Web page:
Towards the end of the war, the American government needed to raise at least $14 billion worth of bonds. And to do so, it needed an image that would reflect the nation’s victory, an image that would inspire public support for the war effort and the men to inspire the citizenry’s sense of patriotism.
On the fifth day of battle of Iwo Jima, six men were ordered to hoist a second larger American flag on the island’s highest point to declare that the island had been captured from the Japanese. However, the battle would still rage on for 31 days and 26,000 American lives would be lost. As the men were raising the flag, Joe Rosenthal, a photographer for the Associated Press, took his lucky shot, which 17 hours later was picked up by publications in the United States. This image later won the Pulitzer Prize for photojournalism in 1945, but not without allegations that the scene had been staged.
The irony, however, lies in the tragic fates of the men who had somehow embodied the heroism and victory that their increasingly war-weary country was seeking. A few days after the flag was raised atop Suribachi, three of the six men–Michael Stark, Harlon Block and Franklin Sousley– lost their lives to either sniper bullets or friendly fire. The three survivors–Ira Hayes, Rene Gagnon and John Bradley–on the other hand, were shipped back to the US to help sell bonds. In the course of touring the country’s major cities, they are confronted with survivor’s guilt over the death of their comrades and being called heroes by the adoring public when they felt that they didn’t deserve such regard. The controversy over the identity of the sixth man in the photograph who was at first thought to be Hank Hansen didn’t help the soldiers either, particularly Hayes, who eventually revealed that the man in question was in fact Block.
The film does not romanticize heroism but adopts a no-holds-barred depiction of the brutality of war–decapitations, lost lives, someone losing his head quite literally and enemies blowing themselves up over the prospect of falling as prisoners. And while a single photograph was able to capture a nation’s pride and catapulted its subjects to fame, the public which never witnessed war’s gruesome scenes easily lost interest in the people it had once put on the pedestal…or left cold upon a pedestal. Hayes, a native American, had it worst among the three survivors due in part to his race. Apart from alcoholism and poverty, he took frequent jail trips in the course of his short life, which ended in a questionable manner. Gagnon found it difficult to even hold a steady job when his celebrity had worn off. Only John Bradley, whose son would write the book on which the film was based, lived comfortably with his family for the rest of his life. He never talked about his involvement in the battle of Iwo Jima nor about his purple heart, which his son discovered after his death. The brutal demise of his best friend, Ralph “Iggy” Ignatowski, haunted him through old age.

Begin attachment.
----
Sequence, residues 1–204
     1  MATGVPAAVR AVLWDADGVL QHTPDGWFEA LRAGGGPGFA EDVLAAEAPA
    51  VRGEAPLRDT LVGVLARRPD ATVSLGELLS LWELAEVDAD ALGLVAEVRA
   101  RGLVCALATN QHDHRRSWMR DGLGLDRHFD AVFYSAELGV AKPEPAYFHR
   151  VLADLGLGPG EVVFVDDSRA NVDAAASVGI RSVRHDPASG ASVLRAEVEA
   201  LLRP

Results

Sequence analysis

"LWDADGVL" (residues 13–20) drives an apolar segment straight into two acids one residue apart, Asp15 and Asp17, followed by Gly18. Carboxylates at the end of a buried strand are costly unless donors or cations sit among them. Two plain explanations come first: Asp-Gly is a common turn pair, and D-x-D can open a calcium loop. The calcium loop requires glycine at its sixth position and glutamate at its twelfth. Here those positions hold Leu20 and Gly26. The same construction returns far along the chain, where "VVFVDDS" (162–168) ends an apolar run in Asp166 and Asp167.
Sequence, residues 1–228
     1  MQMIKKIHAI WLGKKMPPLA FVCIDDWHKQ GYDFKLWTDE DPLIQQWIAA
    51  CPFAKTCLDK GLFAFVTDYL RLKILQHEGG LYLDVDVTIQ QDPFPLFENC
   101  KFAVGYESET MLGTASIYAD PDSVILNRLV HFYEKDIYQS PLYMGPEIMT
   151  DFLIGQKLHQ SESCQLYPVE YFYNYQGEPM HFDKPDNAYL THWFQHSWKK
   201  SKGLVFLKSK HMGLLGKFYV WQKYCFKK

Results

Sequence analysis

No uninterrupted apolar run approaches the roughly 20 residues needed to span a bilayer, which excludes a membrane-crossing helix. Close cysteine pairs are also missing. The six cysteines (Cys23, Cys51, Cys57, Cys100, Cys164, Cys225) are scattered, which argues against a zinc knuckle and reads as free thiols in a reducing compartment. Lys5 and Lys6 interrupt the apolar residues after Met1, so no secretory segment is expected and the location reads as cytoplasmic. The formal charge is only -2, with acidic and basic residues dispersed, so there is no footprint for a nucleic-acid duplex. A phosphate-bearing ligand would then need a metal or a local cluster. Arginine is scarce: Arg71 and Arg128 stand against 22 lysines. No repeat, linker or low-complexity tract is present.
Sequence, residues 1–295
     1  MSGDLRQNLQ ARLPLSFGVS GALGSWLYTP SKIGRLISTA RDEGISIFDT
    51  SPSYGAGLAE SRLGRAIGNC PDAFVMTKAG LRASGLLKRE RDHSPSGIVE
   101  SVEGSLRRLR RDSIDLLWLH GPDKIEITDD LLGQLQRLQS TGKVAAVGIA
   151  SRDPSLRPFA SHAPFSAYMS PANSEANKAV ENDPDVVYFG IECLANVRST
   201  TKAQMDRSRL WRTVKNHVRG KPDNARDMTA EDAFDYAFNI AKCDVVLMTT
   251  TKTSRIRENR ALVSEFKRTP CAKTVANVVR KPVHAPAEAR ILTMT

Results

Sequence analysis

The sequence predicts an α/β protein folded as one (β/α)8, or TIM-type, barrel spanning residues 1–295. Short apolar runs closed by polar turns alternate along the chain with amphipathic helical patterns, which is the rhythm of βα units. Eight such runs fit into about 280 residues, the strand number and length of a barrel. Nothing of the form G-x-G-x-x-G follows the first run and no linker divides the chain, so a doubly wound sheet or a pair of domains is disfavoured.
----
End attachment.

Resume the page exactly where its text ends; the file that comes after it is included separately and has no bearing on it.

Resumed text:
“Flags” is another Steven Spielberg production that depicts World War II and looks like an extension–or a Pacific Theater rejoinder–to Saving Private Ryan and the mini-series, Band of Brothers. Moreover, it even looks like a reunion of sorts for some of the actors who figured in “Ryan” and “Brothers,” such as Barry Pepper who played the religious sniper in Saving Private Ryan and Neal McDonough who played Lt. Lynn Compton in Band of Brothers. They played Michael Strank and Capt. Dave Severance, respectively, in this movie.
I had a hard time digesting the flashbacks interspersed with tour scenes and interviews with the parties involved in promoting the bond drive. And while some critics declare that the film is Clint Eastwood’s take on the Iraq war, this is better seen as a lesson on how heroes are either made or unmade with media’s compliance. But more to the point, it paints a sad picture of how heroes had been discarded by the public which they sought to protect in the first place. At the end of the day, it seemed that the real heroes were those whose lives were lost in the battlefield. The ones who lived were merely survivors.
One of the images shown in a scene, an actual shot of an Australian POW shortly before being beheaded by a Japanese guard.
See actual Iwo Jima battle footages here.
The actual flag raising clip taken by Bill Genaust.
Original image taken by Joe Rosenthal